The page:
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MAJOR GENERAL JOSEPH "FIGHTIN' JOE" WHEELER - AUTOGRAPH LETTER SIGNED 03/13/1901 - HFSID 217933

Joseph Wheeler wrote this letter to a senator in 1901. It was enclosed with several editorial cartoons that, according to Wheeler, indicated a shift in public opinion for the better. This letter was written less than a year after Wheeler resigned from the U. S. House of Representatives.

Sale Price $450.00

Reg. $500.00

Condition: fine condition
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JOSEPH "FIGHTING JOE" WHEELER
Joseph Wheeler wrote this letter to a senator in 1901. It was enclosed with several editorial cartoons that, according to Wheeler, indicated a shift in public opinion for the better. This letter was written less than a year after Wheeler resigned from the U. S. House of Representatives.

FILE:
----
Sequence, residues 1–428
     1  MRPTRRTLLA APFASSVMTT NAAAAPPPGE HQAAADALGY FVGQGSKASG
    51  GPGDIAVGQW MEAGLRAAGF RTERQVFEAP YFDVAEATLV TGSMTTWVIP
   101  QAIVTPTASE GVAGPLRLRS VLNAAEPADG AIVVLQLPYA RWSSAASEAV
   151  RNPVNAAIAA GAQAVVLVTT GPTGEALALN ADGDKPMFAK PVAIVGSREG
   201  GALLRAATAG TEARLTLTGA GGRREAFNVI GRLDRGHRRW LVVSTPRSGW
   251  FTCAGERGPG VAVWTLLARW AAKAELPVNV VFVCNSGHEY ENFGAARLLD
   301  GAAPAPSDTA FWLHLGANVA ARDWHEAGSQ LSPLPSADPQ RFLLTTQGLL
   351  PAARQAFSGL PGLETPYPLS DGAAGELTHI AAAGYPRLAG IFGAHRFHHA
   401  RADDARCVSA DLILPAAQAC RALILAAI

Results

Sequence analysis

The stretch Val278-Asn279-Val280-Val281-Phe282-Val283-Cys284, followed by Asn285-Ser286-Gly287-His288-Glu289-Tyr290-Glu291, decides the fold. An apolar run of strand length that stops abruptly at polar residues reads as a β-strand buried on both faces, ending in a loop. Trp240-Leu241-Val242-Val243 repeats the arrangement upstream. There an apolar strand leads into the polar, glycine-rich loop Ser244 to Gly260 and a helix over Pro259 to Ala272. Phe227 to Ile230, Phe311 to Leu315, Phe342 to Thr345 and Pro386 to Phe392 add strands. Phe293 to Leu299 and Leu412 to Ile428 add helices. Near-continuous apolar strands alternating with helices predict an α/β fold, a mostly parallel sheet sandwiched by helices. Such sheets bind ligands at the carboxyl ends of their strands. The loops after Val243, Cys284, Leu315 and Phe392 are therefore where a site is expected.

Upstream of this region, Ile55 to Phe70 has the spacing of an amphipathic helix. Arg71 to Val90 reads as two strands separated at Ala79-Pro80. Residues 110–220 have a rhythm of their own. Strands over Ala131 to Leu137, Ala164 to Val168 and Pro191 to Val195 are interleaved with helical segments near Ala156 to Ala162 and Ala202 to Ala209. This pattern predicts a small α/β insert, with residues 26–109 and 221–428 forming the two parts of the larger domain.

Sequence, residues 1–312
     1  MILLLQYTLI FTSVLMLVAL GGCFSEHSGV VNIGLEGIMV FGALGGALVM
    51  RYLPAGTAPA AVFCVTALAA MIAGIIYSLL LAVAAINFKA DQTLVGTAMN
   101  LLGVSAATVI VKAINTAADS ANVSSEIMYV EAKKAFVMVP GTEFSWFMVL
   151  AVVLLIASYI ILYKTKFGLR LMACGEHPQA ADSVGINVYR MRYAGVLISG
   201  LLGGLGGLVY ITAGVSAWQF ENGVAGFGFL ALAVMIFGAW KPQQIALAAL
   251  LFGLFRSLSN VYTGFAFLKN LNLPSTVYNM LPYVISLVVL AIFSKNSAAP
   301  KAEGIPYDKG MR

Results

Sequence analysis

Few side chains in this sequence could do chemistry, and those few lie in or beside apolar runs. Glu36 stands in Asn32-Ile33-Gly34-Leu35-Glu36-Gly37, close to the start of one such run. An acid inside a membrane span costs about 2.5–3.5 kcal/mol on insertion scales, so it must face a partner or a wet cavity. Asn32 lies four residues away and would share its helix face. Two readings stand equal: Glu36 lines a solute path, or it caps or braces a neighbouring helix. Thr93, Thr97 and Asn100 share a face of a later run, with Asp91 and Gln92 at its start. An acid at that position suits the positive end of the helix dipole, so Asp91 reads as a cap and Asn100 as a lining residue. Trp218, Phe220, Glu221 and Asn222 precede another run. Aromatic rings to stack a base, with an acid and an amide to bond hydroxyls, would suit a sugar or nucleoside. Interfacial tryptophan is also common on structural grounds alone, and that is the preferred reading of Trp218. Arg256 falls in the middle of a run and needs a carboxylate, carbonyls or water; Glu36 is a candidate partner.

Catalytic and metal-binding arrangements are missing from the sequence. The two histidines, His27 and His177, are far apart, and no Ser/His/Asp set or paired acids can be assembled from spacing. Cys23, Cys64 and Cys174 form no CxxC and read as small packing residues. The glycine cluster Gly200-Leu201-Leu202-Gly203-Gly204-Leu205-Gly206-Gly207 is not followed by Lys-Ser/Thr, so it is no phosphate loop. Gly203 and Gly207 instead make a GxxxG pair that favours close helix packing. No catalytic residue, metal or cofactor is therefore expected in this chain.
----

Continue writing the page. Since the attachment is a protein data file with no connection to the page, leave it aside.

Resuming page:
Autograph letter signed "Joseph Wheeler". 3 pages, 4x6¼, 1 sheet folded, front and verso, on stationery of the Waldorf-Astoria in New York. March 13, 1901. In full: "Dear Senator Clark I enclose an editorial from the Boston Herald of March 5th. While the editorial cartoons [illegible] unjust [illegible] it show s that the people are beginning to under- that the [illegible] statement which [illegible] offered in the press eminate [sic] from disappointed rivals. It will not be long before a thorough re-action will come and when such things do come they come like a flood. Considering the source from which the others come it all we could expect. Trusting that you are quite well, [illegible] yours." There were two United State Senators named Clark in the 56th and 57th Congresses, which respectively ended and began in 1901: William Clark of Montana and Clarence Clark of Wyoming. We're unsure for which senator this letter was intended. We do know that Wheeler resigned as Congressman from Alabama in 1900, during the 56th Congress, after a 15-year term. A Confederate Major Generaland senior Cavalry General of the Confederate Armies, Wheeler (1836-1906, born near Augusta, Georgia), by his own account, fought in 400 battles, was wounded three times and had 16 horses shot out from under him. After the war, he lived in New Orleans for two years before settling in Wheeler, Alabama, named in his honor. There, he practiced law and engaged in cotton planting before representing his adopted state as a Democrat in the U.S. House of Representatives (1881-1882, 1883, 1885-1900). He later served as Major General of Volunteers in the Spanish American War and was the Commander at the Battle of Las Guasimas, Cuba, the first United States Army victory on foreign soil. Lightly toned and soiled. Spine is worn. Folded once and unfolded. Otherwise in fine condition.

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